Part of me wishes this were broken out into chapters on Netflix, but I get why the Coens don't want to do that. Some I'd rewatch and others I probably wouldn't, but definitely another win for the Coens and Netflix, and a great companion to all the weird stories I've come across during the past two weeks in RDR as well.
10. "Watched it late on Sunday and it kept me up most of the night" In response to Reply # 0 Tue Nov-20-18 09:16 AM by B9
A ton to digest and jump around on, hard to compartmentalize and fully reckon with it. I think arguing the sequence is fair, especially given the heaviness of The Gal Who Got Rattled going right into Mortal Remains, but if the overarching theme is the cruelness and folly of life, it works as a pummeling whole to end that way. Only real qualm is the rote and predictable Coen-ness of Near Algodones, but that they can distill their style and voice into 10 minutes or so of a complete story says how masterful they are in what they do. I know alot of people aren't liking the title piece much compared to the rest, but, personally, I would have liked another 5 or 10 minutes of that absurdity. Meal Ticket, and Harry Melling's acting, is the one that stuck the hardest. Fairly obvious allegory but his expressiveness when not on the stage was perfect.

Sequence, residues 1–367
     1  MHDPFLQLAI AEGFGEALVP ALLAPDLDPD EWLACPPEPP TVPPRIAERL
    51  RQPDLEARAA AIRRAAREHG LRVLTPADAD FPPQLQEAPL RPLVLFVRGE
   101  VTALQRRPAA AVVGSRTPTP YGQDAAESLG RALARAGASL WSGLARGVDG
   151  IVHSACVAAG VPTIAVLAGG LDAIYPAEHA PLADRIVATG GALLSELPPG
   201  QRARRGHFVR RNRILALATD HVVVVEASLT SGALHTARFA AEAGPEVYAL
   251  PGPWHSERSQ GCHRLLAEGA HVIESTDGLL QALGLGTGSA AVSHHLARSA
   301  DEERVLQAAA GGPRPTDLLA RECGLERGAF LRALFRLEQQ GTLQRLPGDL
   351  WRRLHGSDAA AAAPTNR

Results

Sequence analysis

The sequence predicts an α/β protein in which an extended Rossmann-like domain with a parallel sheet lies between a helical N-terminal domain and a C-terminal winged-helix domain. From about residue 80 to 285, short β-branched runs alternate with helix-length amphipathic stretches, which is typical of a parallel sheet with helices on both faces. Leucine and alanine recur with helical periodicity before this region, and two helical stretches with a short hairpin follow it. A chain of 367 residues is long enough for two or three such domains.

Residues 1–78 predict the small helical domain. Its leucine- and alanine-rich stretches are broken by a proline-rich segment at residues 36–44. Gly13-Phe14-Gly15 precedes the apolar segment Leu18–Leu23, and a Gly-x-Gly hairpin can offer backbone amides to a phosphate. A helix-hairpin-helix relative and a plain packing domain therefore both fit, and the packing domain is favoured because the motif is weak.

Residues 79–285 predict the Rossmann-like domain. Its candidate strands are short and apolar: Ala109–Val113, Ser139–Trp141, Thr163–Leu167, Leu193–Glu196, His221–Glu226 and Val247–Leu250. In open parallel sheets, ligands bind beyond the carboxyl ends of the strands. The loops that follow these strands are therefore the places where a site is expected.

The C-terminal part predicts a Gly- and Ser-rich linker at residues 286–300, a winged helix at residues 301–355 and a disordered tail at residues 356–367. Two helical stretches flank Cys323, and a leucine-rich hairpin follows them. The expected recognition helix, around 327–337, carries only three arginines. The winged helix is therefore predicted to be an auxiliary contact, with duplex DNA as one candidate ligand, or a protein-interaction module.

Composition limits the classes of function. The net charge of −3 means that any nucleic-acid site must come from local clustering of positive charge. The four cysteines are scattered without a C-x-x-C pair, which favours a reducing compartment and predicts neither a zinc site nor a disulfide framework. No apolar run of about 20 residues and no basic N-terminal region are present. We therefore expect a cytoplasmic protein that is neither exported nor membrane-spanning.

So that it got a limited release pre-Netflix debut, is this eligible for the Academy? There are some technical elements that should be recognized.